Friday, July 15, 2011

Always Doing Research

The July Brimfield Antique Show is said to be the smallest of the three.  But if you have a bad back and no access to one of those battery powered things from the Scooter Store, it's still a big show.  As it was on my way home from Mom's house where I'm cleaning and organizing for a sale, I thought I'd stop and look around.  I found a great parking lot with trees located about the center of the show and just started randomly checking out booths.  I was struck by how it all just looked like a bigger version of Mom's house.  Now I can find out what all that swag is worth.

The first booth had vintage crocheted doilies, handmade aprons, hand towels, and table cloths.  I found boxes and bags of the same type of items at Mom's.  Doilies started at $2, most were $3, and the biggest ones were $12.  Aprons were $5 a piece, tablecloths $8-$10. And all prices were negotiable.  How sad that items women spent hours creating were going so cheaply.  Other booths with similar items had similar prices.

Several booths had a variety of old kitchen gadgets, dishes, and bowls.  Just like the ones I found at Mom's.  The prices were actually less than what I would pay for similar new items.  Those old fashioned meat grinders from my childhood were $12. Yup, I have one of those too.

I brought pictures with me of a few things and showed toy dealers a picture of my "Screwball" game.  No one had a clue what it was worth.  Online I found one for $105 and another selling for $20.  Cabbage Patch kids don't sell at all but my Ginny Doll might be worth a few dollars with the clothes and wardrobe I have.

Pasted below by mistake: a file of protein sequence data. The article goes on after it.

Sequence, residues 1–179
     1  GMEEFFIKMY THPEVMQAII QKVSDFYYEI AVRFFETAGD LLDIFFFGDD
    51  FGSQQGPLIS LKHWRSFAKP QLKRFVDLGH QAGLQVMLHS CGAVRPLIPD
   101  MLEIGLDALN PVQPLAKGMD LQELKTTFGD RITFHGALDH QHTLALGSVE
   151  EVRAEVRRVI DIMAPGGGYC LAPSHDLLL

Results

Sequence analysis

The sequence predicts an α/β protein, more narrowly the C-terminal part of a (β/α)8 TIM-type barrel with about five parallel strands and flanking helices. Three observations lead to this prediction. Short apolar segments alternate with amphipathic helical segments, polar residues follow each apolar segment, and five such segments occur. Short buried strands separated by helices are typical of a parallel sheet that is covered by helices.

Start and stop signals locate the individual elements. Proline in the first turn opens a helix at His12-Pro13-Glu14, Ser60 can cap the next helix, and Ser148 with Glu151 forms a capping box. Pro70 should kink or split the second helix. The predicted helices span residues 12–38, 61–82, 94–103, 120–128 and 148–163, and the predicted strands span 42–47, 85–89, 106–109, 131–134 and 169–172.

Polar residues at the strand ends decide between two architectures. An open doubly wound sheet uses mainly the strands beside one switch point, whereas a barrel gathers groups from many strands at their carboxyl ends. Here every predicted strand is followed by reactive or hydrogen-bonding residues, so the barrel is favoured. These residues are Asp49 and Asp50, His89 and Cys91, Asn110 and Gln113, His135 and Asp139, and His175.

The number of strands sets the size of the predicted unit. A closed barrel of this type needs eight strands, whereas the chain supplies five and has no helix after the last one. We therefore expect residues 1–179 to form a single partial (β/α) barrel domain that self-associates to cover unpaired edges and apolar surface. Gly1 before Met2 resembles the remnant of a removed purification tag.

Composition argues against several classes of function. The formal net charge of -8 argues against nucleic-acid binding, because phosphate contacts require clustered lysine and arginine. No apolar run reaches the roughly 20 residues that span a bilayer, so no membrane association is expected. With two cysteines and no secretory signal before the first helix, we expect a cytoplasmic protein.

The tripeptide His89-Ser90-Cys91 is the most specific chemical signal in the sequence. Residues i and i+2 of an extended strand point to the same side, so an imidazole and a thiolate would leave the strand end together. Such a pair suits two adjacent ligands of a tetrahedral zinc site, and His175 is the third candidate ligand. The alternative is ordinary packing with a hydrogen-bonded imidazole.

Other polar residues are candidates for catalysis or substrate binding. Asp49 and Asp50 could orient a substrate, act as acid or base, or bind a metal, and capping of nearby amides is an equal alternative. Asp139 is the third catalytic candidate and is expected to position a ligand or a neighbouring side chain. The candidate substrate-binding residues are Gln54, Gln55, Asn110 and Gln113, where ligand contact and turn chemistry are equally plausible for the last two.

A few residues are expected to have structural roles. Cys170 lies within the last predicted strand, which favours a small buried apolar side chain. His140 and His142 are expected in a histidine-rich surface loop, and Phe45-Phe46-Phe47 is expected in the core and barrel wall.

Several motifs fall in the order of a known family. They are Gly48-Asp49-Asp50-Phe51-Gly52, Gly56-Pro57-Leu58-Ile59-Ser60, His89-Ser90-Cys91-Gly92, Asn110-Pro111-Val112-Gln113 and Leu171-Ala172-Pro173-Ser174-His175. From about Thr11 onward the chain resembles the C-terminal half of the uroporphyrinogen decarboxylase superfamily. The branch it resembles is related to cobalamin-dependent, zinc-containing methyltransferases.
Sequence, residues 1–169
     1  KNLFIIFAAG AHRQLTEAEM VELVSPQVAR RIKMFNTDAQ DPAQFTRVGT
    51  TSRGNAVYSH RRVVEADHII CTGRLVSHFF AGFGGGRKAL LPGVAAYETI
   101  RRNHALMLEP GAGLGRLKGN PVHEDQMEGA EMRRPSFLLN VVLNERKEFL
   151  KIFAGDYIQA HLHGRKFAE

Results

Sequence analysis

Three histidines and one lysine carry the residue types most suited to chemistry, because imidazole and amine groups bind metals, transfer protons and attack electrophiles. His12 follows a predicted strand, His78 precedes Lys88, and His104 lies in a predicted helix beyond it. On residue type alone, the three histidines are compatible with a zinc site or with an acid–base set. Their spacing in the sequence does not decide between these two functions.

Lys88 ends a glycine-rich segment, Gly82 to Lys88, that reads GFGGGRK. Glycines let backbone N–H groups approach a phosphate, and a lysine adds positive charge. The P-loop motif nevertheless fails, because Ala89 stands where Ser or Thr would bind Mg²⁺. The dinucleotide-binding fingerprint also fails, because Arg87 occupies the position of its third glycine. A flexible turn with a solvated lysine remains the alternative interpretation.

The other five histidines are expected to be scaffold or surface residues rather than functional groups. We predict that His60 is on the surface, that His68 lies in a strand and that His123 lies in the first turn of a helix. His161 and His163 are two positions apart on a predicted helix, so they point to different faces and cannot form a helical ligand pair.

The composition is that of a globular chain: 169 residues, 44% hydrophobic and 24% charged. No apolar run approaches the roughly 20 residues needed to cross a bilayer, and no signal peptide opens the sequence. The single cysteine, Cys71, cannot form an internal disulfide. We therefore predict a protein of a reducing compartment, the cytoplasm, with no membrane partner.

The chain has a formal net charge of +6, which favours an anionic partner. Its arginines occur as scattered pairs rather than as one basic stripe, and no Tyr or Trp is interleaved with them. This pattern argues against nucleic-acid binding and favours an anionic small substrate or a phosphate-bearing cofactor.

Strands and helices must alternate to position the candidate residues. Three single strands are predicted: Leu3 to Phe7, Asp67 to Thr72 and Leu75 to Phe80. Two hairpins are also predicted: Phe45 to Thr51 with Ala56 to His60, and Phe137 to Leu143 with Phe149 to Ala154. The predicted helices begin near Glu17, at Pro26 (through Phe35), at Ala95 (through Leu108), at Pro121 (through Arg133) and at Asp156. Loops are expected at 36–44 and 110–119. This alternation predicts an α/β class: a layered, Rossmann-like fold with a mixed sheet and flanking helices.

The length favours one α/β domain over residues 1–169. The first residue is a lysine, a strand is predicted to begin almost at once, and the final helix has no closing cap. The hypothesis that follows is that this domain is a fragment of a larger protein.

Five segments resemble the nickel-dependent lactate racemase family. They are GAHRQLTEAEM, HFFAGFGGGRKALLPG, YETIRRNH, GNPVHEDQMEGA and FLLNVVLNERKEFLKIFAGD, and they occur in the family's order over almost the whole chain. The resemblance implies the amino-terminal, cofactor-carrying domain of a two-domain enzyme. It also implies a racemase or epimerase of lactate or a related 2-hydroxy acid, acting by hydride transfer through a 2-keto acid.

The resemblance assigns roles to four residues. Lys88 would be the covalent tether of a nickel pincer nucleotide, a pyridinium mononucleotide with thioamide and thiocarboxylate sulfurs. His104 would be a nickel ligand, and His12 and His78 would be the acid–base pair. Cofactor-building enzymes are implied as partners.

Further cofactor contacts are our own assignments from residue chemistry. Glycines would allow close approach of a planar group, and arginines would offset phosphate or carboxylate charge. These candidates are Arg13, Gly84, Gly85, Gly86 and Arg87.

The old Singer sewing machine might get $40-$60.  An enamel top table from the 50's that I thought was worth hundreds will bring less than $100.

Old novels published in the 1940s by Somerset Maugham & Thomas Costain are going for $3.  No one cares about print books anymore.

I have a set of china from about 1920.  Unfortunately the glaze is crazed but it has 22k gold trim.  In Brimfield I found dishes in perfect condition with a fancier gold trim selling for $5 each.

I wasn't even looking for the best piece of information I got. I found a booth with old service weapons and lots of survival knives.  I unearthed one in Mom's cellar. The expert there told me that it was issued to service men in WWII and not Japanese as I had thought.  He told me to look for a number on the blade.  Well, it's too rusty.   But in examining the knife again when I got home I noticed, scratched but faded in the dried out leather sheath, what looked like "LST 113?".  After some googling I found out that Dad was on LST1139 in the Pacific and was present when the Japanese surrendered.  Dad never talked about his stint in the Navy so I had no idea.

Like the artisans I talk to at craft shows, these antique and vintage dealers are having a bad year.  Nothing is selling for what it's worth but it still costs $1000 for a spot in Brimfield.  I noticed some people buying, mostly large pieces of furniture that they probably got at a price they could finally afford.   Estate jewelry, household items, hardware, etc. had little traffic and I couldn't count the number of 1/2 price and sale signs I saw.


  1. So sad, isn't it. :-( All of those vintage, well loved and card for items...going for next to nothing. I guess I'll hold onto my 'stuff' then.

  2. Yeah, it's a tough call. My brother & I will also have a house to sell when all this is done. Do we wait for a better market? Will there BE a better market?